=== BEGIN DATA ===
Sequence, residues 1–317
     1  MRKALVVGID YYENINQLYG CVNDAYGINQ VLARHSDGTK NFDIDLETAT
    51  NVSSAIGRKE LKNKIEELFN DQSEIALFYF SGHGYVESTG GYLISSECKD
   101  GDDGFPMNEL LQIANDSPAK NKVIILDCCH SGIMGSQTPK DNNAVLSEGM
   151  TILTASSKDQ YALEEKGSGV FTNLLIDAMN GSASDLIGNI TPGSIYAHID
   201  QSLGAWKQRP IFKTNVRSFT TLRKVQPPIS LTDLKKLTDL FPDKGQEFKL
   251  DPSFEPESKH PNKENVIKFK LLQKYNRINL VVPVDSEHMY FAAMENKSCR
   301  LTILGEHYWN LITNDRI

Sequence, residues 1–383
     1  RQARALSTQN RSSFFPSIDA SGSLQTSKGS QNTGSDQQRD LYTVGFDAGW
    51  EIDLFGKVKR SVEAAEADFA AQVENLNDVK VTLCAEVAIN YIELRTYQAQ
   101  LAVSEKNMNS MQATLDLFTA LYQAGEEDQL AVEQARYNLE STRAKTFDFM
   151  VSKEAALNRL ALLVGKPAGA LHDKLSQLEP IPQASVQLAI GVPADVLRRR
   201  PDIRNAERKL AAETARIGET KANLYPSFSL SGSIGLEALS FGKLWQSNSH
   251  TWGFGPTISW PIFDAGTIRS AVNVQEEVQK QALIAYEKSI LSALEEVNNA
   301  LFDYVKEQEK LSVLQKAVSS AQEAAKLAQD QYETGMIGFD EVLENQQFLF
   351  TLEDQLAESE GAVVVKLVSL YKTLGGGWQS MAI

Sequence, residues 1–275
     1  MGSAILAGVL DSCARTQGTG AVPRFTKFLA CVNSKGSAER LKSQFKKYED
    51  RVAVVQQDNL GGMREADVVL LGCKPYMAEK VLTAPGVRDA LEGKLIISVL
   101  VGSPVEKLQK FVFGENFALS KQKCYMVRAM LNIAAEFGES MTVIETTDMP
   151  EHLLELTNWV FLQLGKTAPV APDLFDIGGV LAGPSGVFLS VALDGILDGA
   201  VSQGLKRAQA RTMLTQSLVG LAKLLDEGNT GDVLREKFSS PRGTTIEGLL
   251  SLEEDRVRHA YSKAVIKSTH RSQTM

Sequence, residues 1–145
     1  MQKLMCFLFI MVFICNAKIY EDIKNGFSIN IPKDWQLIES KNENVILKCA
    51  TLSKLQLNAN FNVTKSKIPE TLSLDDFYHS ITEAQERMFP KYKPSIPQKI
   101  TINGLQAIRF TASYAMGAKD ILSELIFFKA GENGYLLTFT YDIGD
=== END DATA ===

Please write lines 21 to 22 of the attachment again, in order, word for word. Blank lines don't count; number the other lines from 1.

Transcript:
   101  VGSPVEKLQK FVFGENFALS KQKCYMVRAM LNIAAEFGES MTVIETTDMP
   151  EHLLELTNWV FLQLGKTAPV APDLFDIGGV LAGPSGVFLS VALDGILDGA